Cities like Portland, OR; Vancouver, WA, Lake Forest Park,WA and Kirkland, WA currently require permits to remove large trees. Permits are currently required by SDOT to prune or remove trees in the right of way and by DPD to remove hazard trees (although there is little or no evidence this is working).
Save the Trees- Seattle is a citizen’s coalition in Seattle, Washington working to update it’s current ordinance dealing with trees and Seattle’s urban forest. We have opposed the Seattle Department of Planning and Development’s (DPD) past efforts to weaken and repeal existing protections for Seattle’s urban forest and trees.
As the Seattle Urban Forestry Commission noted, DPD’s 2011 draft would have removed existing protections for trees and tree groves on 99.5% of Seattle property. DPD proposed that education and incentives would increase our urban forest canopy more than strengthening existing protections. We disagree.
A second draft of DPD’s proposal was released in 2012 and was withdrawn for further revision after the Seattle Urban Forestry Commission, Save the Trees-Seattle and other groups criticized its weakening of tree protections on private property. DPD’s intent was still to not regulate tree protection but to remove all protections.
DPD is currently working on a third draft of a new tree ordinance that they plan to release in Jan 2014. There work is being done behind closed doors and is not involving the public. The schedule is to try to pass a new ordinance the beginning of 2014.
Save the Trees-Seattle supports a comprehensive update of our existing regulations as requested by the Seattle City Council in Resolution 31138 but mostly ignored by DPD in the past. Save the Trees-Seattle is a coalition of community and environmental activists working to draft an alternative citizen’s proposal that includes the following elements:
Important urban forestry and tree regulation provisions needed in a new tree ordinance to strengthen tree protection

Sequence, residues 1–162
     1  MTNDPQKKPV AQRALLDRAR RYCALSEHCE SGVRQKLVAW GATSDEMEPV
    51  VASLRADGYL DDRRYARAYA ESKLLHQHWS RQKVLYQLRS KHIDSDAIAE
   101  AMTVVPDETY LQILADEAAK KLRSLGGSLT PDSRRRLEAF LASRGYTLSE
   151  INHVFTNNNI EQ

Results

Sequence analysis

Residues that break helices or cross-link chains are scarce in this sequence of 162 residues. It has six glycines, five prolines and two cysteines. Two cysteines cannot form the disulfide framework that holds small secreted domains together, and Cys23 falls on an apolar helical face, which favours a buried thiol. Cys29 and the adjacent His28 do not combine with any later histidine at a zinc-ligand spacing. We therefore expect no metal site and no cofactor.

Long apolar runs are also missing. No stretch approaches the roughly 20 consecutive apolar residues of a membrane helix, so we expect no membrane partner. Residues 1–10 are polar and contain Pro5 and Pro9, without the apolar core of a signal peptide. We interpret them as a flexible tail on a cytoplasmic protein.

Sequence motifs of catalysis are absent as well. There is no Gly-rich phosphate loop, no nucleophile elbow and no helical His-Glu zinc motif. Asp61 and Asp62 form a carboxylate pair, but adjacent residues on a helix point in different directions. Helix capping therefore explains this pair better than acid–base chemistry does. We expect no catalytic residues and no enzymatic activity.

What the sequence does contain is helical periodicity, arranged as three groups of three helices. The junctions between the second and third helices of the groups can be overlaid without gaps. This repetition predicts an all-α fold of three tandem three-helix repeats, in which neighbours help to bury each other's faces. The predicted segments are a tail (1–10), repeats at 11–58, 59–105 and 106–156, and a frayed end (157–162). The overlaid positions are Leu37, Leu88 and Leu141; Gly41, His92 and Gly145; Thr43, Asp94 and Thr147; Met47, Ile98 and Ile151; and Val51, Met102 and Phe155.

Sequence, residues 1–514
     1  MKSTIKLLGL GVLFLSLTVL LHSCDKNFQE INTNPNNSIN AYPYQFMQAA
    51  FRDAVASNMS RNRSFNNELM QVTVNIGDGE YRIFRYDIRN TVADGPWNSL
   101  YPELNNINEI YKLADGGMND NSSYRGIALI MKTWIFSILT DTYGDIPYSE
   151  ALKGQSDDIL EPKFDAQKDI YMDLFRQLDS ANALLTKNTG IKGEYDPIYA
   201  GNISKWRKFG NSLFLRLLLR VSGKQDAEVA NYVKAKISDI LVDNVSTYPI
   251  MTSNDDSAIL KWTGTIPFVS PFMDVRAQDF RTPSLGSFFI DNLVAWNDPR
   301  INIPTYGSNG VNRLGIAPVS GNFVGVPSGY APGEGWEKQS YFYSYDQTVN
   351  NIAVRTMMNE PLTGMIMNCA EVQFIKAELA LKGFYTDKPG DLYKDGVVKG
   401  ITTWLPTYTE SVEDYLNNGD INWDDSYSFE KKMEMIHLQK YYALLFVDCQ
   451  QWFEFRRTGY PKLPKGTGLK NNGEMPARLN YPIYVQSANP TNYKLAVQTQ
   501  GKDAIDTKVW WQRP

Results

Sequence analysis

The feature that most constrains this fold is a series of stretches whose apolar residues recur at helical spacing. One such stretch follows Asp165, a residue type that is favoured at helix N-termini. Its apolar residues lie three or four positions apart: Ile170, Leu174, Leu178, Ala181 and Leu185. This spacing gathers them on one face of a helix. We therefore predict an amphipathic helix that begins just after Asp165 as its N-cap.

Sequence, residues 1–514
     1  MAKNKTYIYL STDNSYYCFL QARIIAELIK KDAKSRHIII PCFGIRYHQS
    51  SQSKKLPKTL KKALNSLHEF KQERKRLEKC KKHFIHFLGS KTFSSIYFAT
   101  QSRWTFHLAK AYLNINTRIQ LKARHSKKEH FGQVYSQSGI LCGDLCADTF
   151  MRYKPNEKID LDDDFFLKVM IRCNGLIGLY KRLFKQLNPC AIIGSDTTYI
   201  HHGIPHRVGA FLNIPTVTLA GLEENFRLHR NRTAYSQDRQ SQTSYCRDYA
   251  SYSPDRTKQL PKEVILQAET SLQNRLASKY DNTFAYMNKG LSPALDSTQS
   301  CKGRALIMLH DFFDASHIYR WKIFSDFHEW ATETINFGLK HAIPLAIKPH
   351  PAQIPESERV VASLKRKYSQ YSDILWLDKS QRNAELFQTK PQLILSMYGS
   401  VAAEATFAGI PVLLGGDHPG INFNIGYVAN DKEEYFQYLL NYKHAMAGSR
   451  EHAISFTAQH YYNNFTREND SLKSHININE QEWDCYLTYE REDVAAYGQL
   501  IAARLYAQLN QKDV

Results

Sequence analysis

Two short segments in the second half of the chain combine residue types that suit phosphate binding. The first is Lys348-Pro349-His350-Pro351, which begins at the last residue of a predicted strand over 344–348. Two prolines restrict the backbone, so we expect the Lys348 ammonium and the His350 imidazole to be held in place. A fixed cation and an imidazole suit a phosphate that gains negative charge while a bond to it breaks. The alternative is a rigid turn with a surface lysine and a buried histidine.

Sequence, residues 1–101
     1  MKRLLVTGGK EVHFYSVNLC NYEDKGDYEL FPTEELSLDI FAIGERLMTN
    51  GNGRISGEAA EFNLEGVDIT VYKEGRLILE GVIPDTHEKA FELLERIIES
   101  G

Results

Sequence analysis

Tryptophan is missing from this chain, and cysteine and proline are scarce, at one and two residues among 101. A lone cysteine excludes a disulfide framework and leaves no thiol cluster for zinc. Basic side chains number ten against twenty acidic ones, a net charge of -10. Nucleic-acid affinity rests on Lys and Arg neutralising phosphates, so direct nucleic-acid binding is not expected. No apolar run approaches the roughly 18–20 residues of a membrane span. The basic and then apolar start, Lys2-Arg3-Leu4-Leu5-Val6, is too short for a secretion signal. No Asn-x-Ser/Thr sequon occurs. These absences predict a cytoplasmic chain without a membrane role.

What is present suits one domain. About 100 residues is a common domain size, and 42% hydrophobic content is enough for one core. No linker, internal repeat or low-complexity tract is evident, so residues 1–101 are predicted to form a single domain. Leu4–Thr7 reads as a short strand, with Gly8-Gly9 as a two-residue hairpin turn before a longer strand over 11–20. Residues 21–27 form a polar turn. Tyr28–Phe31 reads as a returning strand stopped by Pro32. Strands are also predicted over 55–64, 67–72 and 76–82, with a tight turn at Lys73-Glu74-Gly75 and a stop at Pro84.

- Maintain and expand protection for exceptional trees and tree groves
- Expand the current permit system for street trees to include all trees over 6 inches in diameter on public and private property; require 2 week posting of permits on internet and visible sign on site, have an appeal process
- Enact comprehensive regulations that cover both public and private sector trees
- Consolidate oversight, regulation and enforcement in an independent department other than DPD, that does not have a conflict of interest such as the Office of Sustainability and Environment or the Parks Department.
- License and train all arborists and tree cutting operations; with fines and suspension for violations of law
- Give priority to native trees and vegetation to help preserve native plants and animals
- Emphasize habitat and ecological processes and soil as part of urban forestry
- Require all real estate sales to disclose trees on property that would require a permit to be removed.
- Define canopy cover in terms of volume and area; enforce existing city policy of no net loss of canopy by requiring replacement of trees removed either on site or off site
- Incorporate incentives like a rebate on utility bills based on exceptional trees, total canopy cover, or on trees over a certain size like 8 inches in diameter on property; property owners could file to get a rebate the same as property owners now file for a senior citizen property tax exemption
- Prepare meaningful and descriptive site plans that show all existing and proposed trees to scale
If you are interested or know of other people who want to assist in our effort to enact strong urban forestry and tree protection regulations send an e-mail to firstname.lastname@example.org and request to be added to our e-mail list. Save the Trees – Seattle, 2131 N 132nd St, Seattle, WA 98133, 206-366-0811 Check out our facebook page at Friends of Seattle’s Urban Forest and visit our website here at www.friends.urbanforests.org
This website is being added to as time permits so please have patience as we work on it. We try to keep more current tree and urban forestry news items posted more timely on our facebook page. – Friends of Seattle’s Urban Forest.